"2014 birthed the opportunity to build on an experience: the artist residency. I didn't reinvent anything but gave access to the process I underwent in the Hudson Valley with 6 other artists across the genres of photography, installation graphic design/graffiti, and theater, to writers of color." — Brook Stephenson, co-founder of the Rhode Island Writers Colony.
(February 21, 1974- August 29, 2015)
'Warm', 'caring', 'doer', 'visionary', 'intelligent', 'innovator', 'great supporter', 'lover of life' — all words used to describe Brook Stephenson, the co-founder of the Rhode Island Writers Colony.
Brook Stephenson created a space for writers of color to convene, write and meet with publishing professionals, and simply support each other.
He understood how important it was for writers to not only have a place to create, but to be able to exchange ideas and create a camaraderie around writing.
This idea was the brainchild of Third Floor Studios, a collaborative effort between Brook Stephenson and his brother John, which was named to "honor the memory of the space where their father, James Stephenson did his creative work." The two went on to found this historic colony- the first of its kind to serve Black writers.
A writer himself, this Detroit native and Morehouse graduate, honed his journalism skills in Atlanta and later as the New York City manager for rollingout.com.
After dedicating 11 years at McNally Jackson books in NYC's Soho neighborhood, where Stephenson was a beloved community member, he moved to the position of Director of Literature & Development for the Clever Agency, of which he was also a founding partner. The Clever Agency, is a branding company "bent on changing the world for the better -- one fun project at a time."
Charles Vincent Burwell of Clever says that Brook was instrumental in developing the language for many of the agency's marketing campaigns and he "created multiple forums that served to highlight the works of various emerging and established independent writers."
Stephenson also contributed to Gawker, Ebony and Crisis magazines.
When news of his unexpected death at age 41 spread throughout the New York literary world and beyond this past August, there was one thing that was evident: Brook's vision and dream of the Rhode Island Writers Colony must continue.
"Participating in this year's Rhode Island Writers Colony was such a blessing, but the real blessing was Brook Stephenson. He put the colony together along with his brother John Stephenson and facilitated it. But more than that, he 'GOT IT'," Kerika Fields, a recent colonist told NBCBLK.
Stephenson understood that writers of color did not need another workshop but extensive time, space and artistic devotion with other writers of color in order to contribute significant work to the African-American/African Diaspora literary canon.
But why settle in Warren, Rhode Island? As RIWC co-founder and brother to Brook, John Stephenson tells it, the serenity of the New England mill town fostered the right environment for creativity. After all, that's why he was living there himself.
"Like many places on or near the water, Warren has and does attract artists, writers and creatives of all types. It is walkable and its citizens are open and laid back," said John. "The town has a great vibe."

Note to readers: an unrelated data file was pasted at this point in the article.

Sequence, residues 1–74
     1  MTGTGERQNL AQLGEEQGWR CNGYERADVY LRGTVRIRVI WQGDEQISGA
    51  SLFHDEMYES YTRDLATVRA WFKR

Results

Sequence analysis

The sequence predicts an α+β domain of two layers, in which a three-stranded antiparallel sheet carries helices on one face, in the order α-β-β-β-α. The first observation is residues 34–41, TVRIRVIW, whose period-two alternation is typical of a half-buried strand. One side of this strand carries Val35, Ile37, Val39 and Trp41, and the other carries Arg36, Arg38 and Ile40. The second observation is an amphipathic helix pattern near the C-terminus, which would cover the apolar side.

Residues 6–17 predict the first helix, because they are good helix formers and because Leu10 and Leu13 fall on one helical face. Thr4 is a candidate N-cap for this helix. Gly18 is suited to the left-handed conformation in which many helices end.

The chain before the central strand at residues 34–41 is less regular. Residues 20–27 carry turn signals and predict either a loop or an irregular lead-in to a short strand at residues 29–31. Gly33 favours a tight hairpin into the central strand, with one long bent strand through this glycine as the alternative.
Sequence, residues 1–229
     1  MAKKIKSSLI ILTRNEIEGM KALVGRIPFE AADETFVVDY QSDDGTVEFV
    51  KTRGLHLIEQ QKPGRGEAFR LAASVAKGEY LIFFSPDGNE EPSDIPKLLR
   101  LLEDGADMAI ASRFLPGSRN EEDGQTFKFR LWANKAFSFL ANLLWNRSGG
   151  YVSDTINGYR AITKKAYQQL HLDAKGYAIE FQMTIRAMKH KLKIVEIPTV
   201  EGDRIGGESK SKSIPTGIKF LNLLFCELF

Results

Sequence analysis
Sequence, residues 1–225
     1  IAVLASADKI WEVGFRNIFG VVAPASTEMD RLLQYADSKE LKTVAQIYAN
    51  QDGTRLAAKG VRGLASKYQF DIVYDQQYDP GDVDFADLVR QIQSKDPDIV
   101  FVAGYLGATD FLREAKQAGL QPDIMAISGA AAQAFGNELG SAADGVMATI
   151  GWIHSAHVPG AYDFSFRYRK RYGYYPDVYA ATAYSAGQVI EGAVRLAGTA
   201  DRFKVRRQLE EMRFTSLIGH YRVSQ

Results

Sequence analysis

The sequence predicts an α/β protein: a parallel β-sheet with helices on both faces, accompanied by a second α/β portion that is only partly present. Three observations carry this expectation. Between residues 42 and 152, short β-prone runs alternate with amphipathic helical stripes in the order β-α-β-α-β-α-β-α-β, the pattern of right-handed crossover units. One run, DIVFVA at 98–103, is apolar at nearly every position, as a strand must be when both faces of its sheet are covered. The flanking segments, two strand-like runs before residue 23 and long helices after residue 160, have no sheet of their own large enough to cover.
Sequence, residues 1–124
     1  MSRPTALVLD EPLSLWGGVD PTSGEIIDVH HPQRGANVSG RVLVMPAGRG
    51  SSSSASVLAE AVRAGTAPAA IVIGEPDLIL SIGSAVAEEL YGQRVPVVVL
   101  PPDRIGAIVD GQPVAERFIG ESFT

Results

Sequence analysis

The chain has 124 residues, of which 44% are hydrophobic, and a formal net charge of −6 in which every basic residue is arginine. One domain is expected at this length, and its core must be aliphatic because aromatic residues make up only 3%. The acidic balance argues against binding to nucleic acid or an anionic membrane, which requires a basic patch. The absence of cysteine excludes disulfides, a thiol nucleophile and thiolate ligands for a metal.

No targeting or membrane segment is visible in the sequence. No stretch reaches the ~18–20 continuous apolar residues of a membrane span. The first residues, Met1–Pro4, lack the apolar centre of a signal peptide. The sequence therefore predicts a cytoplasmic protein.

So far the roster of colonists has included writers Jason Reynolds, Kerika Fields, Nana Brew Hammond, Crystal Boson, Irvin Weathersby and Charles Vincent Burwell.
Jason Reynolds, newly appointed Artistic Director and two-time colonist recalled the intense emotional creativity that he drew upon during his last residency after coming back to the house after hours of work at a local coffee shop nearby:
"Writers were spread out in different parts of the house, but in the dining room area, there was a woman, a poet named, Crystal Boson. Crystal and I had obviously had several conversations since we'd been living together for three days at this point so we were acquainted. She was using a stylus and tablet, scribbling and scratching her poetry almost feverishly. I hadn't read any of it, though we'd spoken about it a few times.
"Finally, after some awkward conversation, I got her to let me read a few pieces. Without a doubt, it was some of the most jarring work I'd read in awhile. I mean, it brought me to tears and afterwards, all I could do was tell every other person in the house what I'd just experienced. It was like I had stumbled upon a precious treasure, hidden in plain sight, in the dining room of a house in Rhode Island."
Demetria Irwin, a New York City based freelance writer and Stephenson's partner at the time of his passing, says she will do her part to honor his vision of a sacred and supportive environment in which to complete their writing projects.
"Brook has provided writers of color the priceless gifts of space, time, and resources. Those critical elements of the Colony are often hard to come by for writers in general and particularly writers of color in a publishing industry that is dominated by white authors, editors and protagonists," said Irwin. "The Colony is a safe, encouraging space for nurturing the creative genius of writers of color. We need that so that we can engage with a new canon, a new generation of Morrisons, Ellisons, Baldwins and Butlers."
Fields agrees that the setting was an important quality to Stephenson's mentorship.
"He got it that, yeah a serious writer can (and must!) write no matter what -- and has to make the time, must find a place to do their work," she said. "With the colony, Brook provided a place for writers to do the work."
The Rhode Island Writers Colony is currently accepting contributions to ensure that this space for writers of color continues.